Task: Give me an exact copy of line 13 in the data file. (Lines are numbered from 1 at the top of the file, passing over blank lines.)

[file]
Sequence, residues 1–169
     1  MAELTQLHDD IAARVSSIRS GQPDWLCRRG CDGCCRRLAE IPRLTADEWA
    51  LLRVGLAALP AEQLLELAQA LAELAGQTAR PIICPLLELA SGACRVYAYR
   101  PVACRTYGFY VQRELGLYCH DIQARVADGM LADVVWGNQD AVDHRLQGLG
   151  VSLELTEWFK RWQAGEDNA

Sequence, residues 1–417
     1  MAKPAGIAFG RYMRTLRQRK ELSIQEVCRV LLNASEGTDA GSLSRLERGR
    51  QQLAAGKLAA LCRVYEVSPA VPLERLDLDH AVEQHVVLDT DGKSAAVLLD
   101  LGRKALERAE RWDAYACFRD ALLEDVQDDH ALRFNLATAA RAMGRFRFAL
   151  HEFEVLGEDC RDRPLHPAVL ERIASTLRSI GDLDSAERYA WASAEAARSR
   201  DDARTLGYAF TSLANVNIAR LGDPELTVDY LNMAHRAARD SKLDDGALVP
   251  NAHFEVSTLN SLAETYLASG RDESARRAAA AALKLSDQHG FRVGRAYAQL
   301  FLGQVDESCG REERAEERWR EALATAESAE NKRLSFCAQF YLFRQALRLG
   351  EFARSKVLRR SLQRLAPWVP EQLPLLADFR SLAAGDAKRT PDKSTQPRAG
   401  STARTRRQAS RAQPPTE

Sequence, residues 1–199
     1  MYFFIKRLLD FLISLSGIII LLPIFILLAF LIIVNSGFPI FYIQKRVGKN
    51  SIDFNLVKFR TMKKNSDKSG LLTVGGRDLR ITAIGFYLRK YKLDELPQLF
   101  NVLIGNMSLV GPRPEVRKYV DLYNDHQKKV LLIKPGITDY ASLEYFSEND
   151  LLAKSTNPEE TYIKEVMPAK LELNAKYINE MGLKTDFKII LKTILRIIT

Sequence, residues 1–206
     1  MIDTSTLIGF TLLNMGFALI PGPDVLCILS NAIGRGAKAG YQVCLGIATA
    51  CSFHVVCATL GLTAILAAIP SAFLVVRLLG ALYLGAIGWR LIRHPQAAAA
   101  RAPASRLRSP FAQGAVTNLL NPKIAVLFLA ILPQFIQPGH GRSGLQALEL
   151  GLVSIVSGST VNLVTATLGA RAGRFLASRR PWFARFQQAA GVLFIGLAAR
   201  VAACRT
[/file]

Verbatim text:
   301  FLGQVDESCG REERAEERWR EALATAESAE NKRLSFCAQF YLFRQALRLG